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Business Should Enrich Your Life, Not Consume It

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Bruno called me around 3 p.m. to find out if his delivery truck would be ready today. This was a Friday in July 1990. We had his truck all week and hadn’t touched it yet. Bruno owned a local bakery and the weekends were his busiest days. With deliveries tomorrow, he desperately needed it finished. Bruno let me know that being down a truck would hurt sales. He was a valued customer and I could not disappoint him. I let him know that he would have his truck ready to go for Saturday deliveries. I told him he could pick it up in the morning.

Finally, around 7:30 p.m., I began working on it; installing a rebuilt transmission. It was hot and humid that day, with temperatures reaching into the upper ’90s. By this time of the day the shop felt like an oven. By 9 p.m., I had the old transmission unbolted from the engine. I was working alone, so getting the old unit on the floor and the rebuilt unit onto the transmission jack was not any easy task. I managed to get the transmission set on the jack and continued to work.

As I attempted to push the back of the unit to line it up with the engine, the transmission slipped off the jack and wedged my right hand between the transmission and crossmember. Because of the awkward position, I couldn’t lift the transmission away with my other hand. I reached for a pry bar and lifted the transmission just enough to free my hand, which swelled up a bit, but for the most part I was lucky. It could have been a lot worse.

I finished the job around midnight and left the truck outside for Bruno to pick up in the morning. I was tired, hungry and exhausted. As I was cleaning my hands, it dawned on me that working alone at night was not one of my better choices. I locked up the shop and headed home.

Not expecting my wife to be up, there she was sitting in the kitchen with a plate of food waiting for me. Knowing I had an exhausting day, she reached in the fridge and grabbed a cold drink. This was not the first time April stayed up to make sure I made it home OK. Back in the ’80s, there were countless times when I overdid it, pushing my body to exhaustion. But each time my wife was there, making sure I was fed and taken care of.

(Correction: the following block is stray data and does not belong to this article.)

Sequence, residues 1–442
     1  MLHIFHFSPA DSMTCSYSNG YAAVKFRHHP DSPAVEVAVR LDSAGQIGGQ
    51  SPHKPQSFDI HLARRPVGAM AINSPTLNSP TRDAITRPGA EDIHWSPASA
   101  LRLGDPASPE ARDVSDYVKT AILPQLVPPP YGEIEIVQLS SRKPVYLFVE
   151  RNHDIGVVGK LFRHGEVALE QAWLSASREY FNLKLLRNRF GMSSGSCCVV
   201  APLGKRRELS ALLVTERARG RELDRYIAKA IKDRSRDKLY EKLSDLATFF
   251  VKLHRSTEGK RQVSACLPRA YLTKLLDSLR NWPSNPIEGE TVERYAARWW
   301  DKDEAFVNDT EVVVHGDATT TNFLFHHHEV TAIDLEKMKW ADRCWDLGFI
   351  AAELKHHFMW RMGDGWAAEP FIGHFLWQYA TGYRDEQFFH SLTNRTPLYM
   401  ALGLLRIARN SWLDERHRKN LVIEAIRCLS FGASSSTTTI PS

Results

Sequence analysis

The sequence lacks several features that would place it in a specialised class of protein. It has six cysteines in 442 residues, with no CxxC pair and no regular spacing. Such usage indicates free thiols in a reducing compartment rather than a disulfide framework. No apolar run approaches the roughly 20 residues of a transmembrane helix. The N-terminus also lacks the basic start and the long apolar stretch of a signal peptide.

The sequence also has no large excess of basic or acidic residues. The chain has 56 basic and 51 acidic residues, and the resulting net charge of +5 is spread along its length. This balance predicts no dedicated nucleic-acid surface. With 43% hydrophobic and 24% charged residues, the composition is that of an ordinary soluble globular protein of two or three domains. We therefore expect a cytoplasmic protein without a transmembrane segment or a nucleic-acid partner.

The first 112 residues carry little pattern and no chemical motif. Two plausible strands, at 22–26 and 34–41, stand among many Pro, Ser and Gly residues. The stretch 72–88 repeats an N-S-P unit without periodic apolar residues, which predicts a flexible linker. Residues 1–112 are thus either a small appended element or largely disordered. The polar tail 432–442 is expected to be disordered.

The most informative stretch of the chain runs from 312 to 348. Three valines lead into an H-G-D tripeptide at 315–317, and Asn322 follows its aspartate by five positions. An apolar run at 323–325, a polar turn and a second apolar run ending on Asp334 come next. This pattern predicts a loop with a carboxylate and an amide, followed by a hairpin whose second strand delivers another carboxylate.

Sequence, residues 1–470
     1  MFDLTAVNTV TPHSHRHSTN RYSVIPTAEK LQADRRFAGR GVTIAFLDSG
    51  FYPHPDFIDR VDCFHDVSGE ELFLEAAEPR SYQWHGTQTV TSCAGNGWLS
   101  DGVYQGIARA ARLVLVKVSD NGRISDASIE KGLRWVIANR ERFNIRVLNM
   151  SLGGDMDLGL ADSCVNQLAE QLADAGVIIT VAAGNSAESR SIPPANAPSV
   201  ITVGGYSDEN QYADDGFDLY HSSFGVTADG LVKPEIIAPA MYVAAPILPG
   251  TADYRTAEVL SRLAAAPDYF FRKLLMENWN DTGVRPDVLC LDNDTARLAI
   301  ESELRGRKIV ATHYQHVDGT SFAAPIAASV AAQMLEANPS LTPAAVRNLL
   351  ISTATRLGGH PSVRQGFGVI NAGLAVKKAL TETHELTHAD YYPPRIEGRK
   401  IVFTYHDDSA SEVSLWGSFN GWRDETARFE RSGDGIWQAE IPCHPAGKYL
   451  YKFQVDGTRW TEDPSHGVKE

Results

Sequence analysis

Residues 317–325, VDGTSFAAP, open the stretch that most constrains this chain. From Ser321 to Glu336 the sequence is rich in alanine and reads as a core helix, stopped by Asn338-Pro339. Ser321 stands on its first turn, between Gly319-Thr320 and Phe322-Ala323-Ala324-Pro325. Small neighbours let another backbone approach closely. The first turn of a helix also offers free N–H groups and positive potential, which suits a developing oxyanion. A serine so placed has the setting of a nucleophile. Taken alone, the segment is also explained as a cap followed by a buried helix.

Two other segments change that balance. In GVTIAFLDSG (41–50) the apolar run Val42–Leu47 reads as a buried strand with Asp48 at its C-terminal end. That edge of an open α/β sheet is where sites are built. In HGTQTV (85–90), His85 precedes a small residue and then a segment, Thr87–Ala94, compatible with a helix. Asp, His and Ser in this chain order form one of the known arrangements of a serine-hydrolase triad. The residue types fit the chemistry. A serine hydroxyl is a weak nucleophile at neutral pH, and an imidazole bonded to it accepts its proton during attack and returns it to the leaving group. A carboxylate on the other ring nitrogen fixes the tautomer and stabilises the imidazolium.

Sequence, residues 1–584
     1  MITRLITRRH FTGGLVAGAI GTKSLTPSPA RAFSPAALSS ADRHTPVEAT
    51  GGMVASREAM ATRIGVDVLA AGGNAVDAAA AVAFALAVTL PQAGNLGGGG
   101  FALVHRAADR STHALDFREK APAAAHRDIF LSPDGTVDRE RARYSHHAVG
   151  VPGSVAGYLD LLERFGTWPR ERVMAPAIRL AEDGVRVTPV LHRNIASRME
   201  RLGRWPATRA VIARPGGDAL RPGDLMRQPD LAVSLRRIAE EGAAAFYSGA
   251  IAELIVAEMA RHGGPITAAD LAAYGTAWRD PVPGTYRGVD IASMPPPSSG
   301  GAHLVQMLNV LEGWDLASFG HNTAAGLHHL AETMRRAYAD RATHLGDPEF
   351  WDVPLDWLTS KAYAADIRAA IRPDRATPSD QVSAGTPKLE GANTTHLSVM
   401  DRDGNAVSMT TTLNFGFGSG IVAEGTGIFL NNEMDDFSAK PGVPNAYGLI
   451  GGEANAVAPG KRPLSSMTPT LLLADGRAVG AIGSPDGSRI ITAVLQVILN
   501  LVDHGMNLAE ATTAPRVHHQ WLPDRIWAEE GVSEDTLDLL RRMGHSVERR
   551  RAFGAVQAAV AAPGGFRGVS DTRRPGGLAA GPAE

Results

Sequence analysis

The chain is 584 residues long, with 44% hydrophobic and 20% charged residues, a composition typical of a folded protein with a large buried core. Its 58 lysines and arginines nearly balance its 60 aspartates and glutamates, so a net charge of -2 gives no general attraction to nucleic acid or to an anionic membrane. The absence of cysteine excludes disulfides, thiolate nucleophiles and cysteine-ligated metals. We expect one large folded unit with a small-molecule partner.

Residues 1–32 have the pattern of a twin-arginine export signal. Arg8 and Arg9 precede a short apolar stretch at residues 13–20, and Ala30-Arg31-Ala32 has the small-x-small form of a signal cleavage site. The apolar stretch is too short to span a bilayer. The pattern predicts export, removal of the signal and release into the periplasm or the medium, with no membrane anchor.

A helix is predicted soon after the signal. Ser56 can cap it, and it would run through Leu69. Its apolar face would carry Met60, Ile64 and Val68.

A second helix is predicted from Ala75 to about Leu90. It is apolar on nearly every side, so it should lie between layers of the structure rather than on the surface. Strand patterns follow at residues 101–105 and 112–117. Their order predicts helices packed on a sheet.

THINKSTOCKLike you, I am a shop owner. I know what it is to put in 15-hour days. I know that there are days when you just can’t close the doors and go home at six. And while this level of commitment is to be admired, we need to remember that our business should enrich our lives, not consume it. We must not forget about our family. Your loved ones might not be physically side by side working with you, but they are definitely in your corner, supporting all of your efforts. They worry about you, share your pain and want to help.

By the mid-1990s, I began to view life and business a lot differently. But it wasn’t until my wife returned to work as a nurse that I really began to change. Being a newly hired nurse and assigned to the night shift, there were times I too found it hard to relax and would wait up until she got home.

I also realized that, financially, I wasn’t any better working those long hours. The hours could not make up for the inefficiencies during the day. Working on a plan to hire the right people, pay attention to the numbers and customer service was the only way to build a profitable business—not working 15-plus-hour days in an attempt to make up for lost production.

Success in business should be a goal, but never at the expense of family. The truth is you can have both a successful business and a fulfilled life. And when your priorities are in line, and you focus on balancing life and business, success will be even greater.

By the way, when I got to work the following morning back in July 1990, Bruno’s delivery truck was still there. There was a message on my answering machine and it said, “Joe, this is Bruno. I decided to do all the deliveries out of one truck. So I won’t be picking up the truck. I’ll pick it up sometime next week. Have a nice weekend.”

Joe Marconi has more than three decades of experience in the automotive repair industry. He is the owner of Osceola Garage in Baldwin Place, N.Y., a business development coach for Elite Worldwide and co-founder of Reach him at <a data-cke-saved-href="mailto" href="mailto""=""> 

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